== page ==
We knew it would come to this. We predicted back in March that Chronic Justin Timberlake Fatigue Epidemic (CJTFE) would be setting in soon enough—and that was before we even learned that The 20/20 Experience would be getting a second edition.
This week it's out, and given Timberlake's nine or so months spent hogging the limelight, it's probably no surprise that critics have finally soured on his luxury brand of upscale pop. Were we really expected to go for a 74-minute album of material that is readily acknowledged as a collection of outtakes from a (quite good, if overlong) 70-minute album? And anyway, there's already been speculation that the material was rushed to flesh out a Live Nation deal so JT would have something to promote on tour. Timberlake, naturally, has fallen out of favor with the indie generation that embraced him in 2006.
To be clear, The 20/20 Experience 2 of 2 has plenty of good ideas—and some characteristically stylish production from Timbaland and J-Roc to flesh them out. But at well over an hour—with no less than five tracks skating aimlessly past the six-minute mark—the whole thing drags like a laundry bag packed tight with lyrical flops. Critics, unsurprisingly, haven't been kind to the excessive length of the whole thing. Awarding it four out of 10 stars, NME's Al Homer calls it "a bit of a mess":
But this surprise, extremely swift follow-on looks, from the cover to the contents, like pieces from the cutting-room floor cobbled together on the cheap. [...] With the average track length clocking in around six minutes, '…2 Of 2' drags on like a hostage saga.
While AllMusic's Andy Kellman, in a 2/5 review, rightly calls the disc's second half "a laborious crawl":
That's five songs in 37 minutes, though it's really six songs counting the hidden bit -- a solo acoustic ballad containing the line "If I could, I'd fly you away on a big ol' pair of wings." The album was sold separately and bundled with part one, not as The Complete 20/20 Experience, but as The 20/20 Experience: The Complete Experience. Taken in one shot, the complete version plays out like an excessively expanded edition of a three-star album.
But Pitchfork's Ryan Dombal hits where it really hurts: blasting it as "an album of awful pick up lines and phony angst, all over an endless bed of reheated production," he argues that JT, having fallen prey to "idiotic horniness," isn't even sexy anymore:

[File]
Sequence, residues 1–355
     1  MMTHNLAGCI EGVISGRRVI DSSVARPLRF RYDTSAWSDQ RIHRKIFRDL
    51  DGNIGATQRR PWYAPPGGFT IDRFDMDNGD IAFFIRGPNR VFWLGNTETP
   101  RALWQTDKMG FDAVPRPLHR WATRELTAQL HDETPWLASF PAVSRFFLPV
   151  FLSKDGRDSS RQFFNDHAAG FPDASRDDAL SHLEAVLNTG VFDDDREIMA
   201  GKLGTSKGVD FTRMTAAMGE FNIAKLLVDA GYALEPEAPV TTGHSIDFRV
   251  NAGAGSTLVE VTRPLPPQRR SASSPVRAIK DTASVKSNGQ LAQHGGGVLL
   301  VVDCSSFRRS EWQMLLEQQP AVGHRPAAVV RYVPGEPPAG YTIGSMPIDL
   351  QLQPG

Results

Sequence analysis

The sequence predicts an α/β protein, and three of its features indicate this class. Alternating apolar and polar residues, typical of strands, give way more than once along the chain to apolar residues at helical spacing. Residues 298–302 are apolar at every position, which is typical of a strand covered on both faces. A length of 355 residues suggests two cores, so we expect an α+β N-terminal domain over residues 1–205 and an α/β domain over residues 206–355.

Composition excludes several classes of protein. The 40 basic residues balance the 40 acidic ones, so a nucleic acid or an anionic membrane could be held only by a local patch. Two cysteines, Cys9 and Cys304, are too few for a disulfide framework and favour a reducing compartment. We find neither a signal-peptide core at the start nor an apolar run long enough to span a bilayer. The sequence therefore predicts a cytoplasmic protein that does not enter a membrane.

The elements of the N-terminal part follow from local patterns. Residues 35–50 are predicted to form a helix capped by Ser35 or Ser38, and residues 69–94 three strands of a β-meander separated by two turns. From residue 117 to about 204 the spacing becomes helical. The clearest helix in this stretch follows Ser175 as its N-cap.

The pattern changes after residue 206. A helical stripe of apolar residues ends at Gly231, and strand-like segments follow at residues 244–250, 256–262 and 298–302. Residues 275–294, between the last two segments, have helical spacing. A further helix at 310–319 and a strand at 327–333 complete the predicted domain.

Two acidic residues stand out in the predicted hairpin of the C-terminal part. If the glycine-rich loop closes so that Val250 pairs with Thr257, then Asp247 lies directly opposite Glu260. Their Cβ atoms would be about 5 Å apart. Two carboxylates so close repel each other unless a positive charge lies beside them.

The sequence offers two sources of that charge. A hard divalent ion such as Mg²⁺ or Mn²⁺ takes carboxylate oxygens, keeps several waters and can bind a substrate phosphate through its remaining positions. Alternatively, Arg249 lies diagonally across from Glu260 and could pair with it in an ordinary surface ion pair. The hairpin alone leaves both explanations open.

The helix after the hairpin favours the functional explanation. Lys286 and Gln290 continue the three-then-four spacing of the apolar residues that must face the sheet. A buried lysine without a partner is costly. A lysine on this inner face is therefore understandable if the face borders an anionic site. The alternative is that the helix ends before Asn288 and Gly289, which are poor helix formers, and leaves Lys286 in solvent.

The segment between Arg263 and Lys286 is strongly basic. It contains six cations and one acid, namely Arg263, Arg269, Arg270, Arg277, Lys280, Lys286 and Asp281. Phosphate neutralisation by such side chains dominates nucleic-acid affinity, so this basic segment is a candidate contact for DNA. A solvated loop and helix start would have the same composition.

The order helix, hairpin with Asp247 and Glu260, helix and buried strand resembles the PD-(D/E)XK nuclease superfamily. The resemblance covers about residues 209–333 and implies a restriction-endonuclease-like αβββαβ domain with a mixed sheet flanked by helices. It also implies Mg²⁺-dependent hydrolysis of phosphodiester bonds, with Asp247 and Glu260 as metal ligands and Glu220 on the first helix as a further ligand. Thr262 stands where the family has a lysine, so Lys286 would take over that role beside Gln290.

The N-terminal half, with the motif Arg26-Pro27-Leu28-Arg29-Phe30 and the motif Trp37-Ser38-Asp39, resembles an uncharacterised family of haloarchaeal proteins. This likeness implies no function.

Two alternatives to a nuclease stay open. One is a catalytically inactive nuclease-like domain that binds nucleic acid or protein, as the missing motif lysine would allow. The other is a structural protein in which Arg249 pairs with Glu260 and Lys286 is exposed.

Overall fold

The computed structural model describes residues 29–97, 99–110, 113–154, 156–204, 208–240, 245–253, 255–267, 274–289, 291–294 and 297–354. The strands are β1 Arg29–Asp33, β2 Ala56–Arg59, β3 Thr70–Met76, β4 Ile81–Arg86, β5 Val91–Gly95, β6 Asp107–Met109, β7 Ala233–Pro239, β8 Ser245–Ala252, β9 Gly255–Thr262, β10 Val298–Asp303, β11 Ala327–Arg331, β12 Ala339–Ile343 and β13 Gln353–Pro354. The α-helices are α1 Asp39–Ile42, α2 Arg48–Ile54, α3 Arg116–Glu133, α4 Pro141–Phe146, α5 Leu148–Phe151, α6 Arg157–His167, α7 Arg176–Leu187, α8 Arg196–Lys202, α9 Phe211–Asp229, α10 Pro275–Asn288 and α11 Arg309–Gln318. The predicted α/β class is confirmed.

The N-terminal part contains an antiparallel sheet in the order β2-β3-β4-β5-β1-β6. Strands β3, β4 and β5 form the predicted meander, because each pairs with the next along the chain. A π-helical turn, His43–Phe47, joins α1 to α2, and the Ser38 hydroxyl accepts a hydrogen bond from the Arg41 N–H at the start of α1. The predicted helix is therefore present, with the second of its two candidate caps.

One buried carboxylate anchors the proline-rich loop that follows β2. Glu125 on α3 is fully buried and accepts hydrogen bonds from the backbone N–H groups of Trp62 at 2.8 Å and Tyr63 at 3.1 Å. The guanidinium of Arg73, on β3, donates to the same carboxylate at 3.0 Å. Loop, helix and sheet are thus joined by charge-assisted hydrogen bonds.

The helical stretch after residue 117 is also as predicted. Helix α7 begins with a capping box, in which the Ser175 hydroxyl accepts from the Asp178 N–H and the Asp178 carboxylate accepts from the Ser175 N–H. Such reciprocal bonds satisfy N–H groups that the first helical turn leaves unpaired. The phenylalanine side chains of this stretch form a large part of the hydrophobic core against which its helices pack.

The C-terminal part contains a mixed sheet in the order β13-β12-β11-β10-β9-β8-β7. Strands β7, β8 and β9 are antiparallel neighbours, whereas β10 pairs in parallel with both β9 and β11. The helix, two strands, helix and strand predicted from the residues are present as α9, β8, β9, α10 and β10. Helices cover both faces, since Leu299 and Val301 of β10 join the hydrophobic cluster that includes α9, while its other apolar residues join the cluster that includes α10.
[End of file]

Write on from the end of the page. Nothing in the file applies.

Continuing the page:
Timberlake recently joked that this new record is "more slutty" than its "virginal" partner, and its subject matter can certainly be offensive—not because of its sexual nature but rather how disturbingly unsexy the singer makes it all sound. Despite "SexyBack"—which, with its motorik pulse and metallic vocal effects, was more cybersex-y, anyway—Timberlake's lock-step perfectionism always lent itself more to idealized romance than unadulterated attraction. And too often here, his come-ons are corny enough to elicit facepalms from sixth graders.
And just about everyone's in consensus that "Pair of Wings," the nauseatingly rendered hidden acoustic track, is as necessary as rat poison. As Drowned in Sound's Dave Hanratty conjures it:
Hidden track 'Pair of Wings' steals in following some silence, unleashing the dreaded Big Acoustic Number. There's no two ways about this; it is an astonishingly bad song, and one hell of a questionable way to close out an especially questionable record. Saccharine to the point where it becomes uncomfortable (right around when JT softly coos about how he will scoop up his lady love and "fly away on a big 'ol pair of wings" against the most withering guitar line you'll endure for hopefully many a year), it trundles along, aimlessly, begging for someone to pull the plug.
So: did it have to be this way? Albums released around the same time—and compiled from the same sessions—as a previous record are almost never well received. Radiohead's Amnesiac was a spotty Kid A sequel at best; Guns N' Roses' Use Your Illusion discs are rarely considered critically without some quip that they should have been a single album. Timberlake should have known better.
But the larger question remains: is this the end of JT's unlikely run-in with critical favor? Back in 2006, when Timberlake released FutureSex/LoveSounds, he was still recognized as the boy band heartthrob rather than a world-class adult pop star. That the album went on to receive serious accolades from publications as rock- and indie-focused as Rolling Stone, Pitchfork, and Blender marked a stunning shift. Suddenly, it wasn't just ok to like Justin Timberlake—it was verifiably cool to like Justin Timberlake. Has that well run dry?
Maybe this indeed is just a Live Nation deal gone awry and Timberlake simply doesn't want to be a pop star anymore. Among the most quietly scathing critiques of The 20/20 Experience's first act—or Timberlake's persona in general—comes from Grantland's Steven Hyden, who noted in March: "He now seems like an actor dabbling in music rather than a musician dabbling in acting." The 20/20 Experience 2 of 2 isn't the most graceful way to get that message across.
All photos: Associated Press
This article is from the archive of our partner The Wire.
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